Germany promotes infantry tactics in military restructuring
Under the transformation of the Bundeswehr, Germany's armed forces, much of the army's combat capability is to be provided by trained and supported infantry.
In the latest structure, the army has two mechanized divisions totaling six deployable, sustainable and rotatable brigades (three per division) capable of operating across the entire spectrum of intensity. Each brigade will have at least two infantry battalions: jaeger (light infantry) battalions with Boxer armored transport vehicles; and panzer grenadier (mechanized infantry) battalions in Puma armored infantry fighting vehicles, plus airborne and mountain infantry units. This will enable the army to fight in all types of operations and intensities in most terrains and climates. The panzer grenadiers operate as dismounted infantry but also form the mechanized core of the army, along with its panzer armored units.
In addition to their combat battalions, the brigades have logistics, engineering and reconnaissance battalions. The logistics battalions now have company-size maintenance, supply and transport companies assigned to the combat battalions, improving the support of brigades for a wide mission spectrum. The engineering battalions have armored and heavy engineering equipment and capabilities to deal with threats such as improvised explosive devices (IED). The reconnaissance battalions provide ground-based and airborne capabilities, this last with unmanned aerial vehicles (UAV).
Joint fire support comes from PzH 2000 155-mm self-propelled howitzers of the divisions' artillery battalions, army Tiger combat helicopters and air force combat aircraft. But Lt. Col. Alexander Zoller, procurement staff officer for infantry force development, sees limitations in the availability of joint fire support caused by terrain and weather. He recalls an occasion in Afghanistan when a PzH 2000 could not hit a target in a mountain village because its trajectory was not high enough to avoid mountaintops and threatened a low-flying U.S. aircraft in its field of fire. High buildings could cause similar limitations, he adds, although mortars with their higher trajectories can fire over mountaintops and tall buildings.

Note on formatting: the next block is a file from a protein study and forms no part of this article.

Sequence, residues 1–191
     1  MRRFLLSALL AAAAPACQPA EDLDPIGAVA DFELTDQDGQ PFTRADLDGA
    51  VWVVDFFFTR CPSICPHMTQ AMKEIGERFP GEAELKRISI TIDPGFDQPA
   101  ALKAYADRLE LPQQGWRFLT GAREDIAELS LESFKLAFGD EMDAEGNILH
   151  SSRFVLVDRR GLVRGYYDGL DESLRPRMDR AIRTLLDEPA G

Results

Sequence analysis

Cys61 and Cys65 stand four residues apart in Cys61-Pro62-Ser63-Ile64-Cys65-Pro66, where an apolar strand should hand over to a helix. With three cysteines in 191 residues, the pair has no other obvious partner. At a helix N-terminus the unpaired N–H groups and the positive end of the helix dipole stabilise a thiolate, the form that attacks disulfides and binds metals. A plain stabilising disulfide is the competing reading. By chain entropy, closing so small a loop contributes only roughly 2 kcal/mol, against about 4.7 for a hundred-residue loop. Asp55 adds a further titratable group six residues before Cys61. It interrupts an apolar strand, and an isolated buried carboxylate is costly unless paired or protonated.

“Poor weather degrades the availability of joint fire support,” Zoller says. Furthermore, “the use of joint fire support requires extensive airspace coordination,” and “larger areas of operations require more extensive airspace coordination and result in delays.”
He notes “infantry requires indirect fire support with guaranteed availability and sufficient effectiveness.” To achieve this, Zoller recommends procurement of 81-mm mortars for infantry companies and platoons, in addition to the eight Wiesel 120-mm armored mortars already being procured for 2015.
At the individual soldier level, the army has introduced a revised marksmanship-training concept. Based on experiences in Afghanistan, this involves more training with small arms at shorter ranges of 3-30 meters (roughly 10-100 ft.) and the integration of marksmanship and combat training. The previous concept focused on marksmanship at medium and long ranges, but Afghanistan revealed the requirement for immediate reaction in complex situations such as ambushes or IED attacks.
Under the new concept, marksmanship training is conducted in building blocks or modules. Before live firing, soldiers practice shooting techniques and determine mistakes in an environment called the marksmanship simulator for small arms and infantry anti-tank weapons training system. During basic training, soldiers complete a module on rifle and pistol marksmanship, followed by modules on short-range marksmanship, individual firing and air defense. The individual-firing module prepares soldiers for firing as part of a unit, with drills for firing under combat conditions with a heavy load. After the modules comes specific training for different combat arms and pre-deployment training, such as firing from vehicles during patrols and urban operations.
Pre-deployment training takes place in the German army's GUZ combat training center in Letzlingen. For two weeks in May, 800 soldiers and 200 vehicles of the 10th Panzer Div.'s Panzer Brigade 12 prepared for their mission as a partnering and advisory task force in Kunduz, northern Afghanistan. Exercises covered responding to ambushes while on patrol, search operations and relieving another force. Infantry played an important role practicing search techniques while securing an area, with the support of Aladin and Mikado mini-UAVs.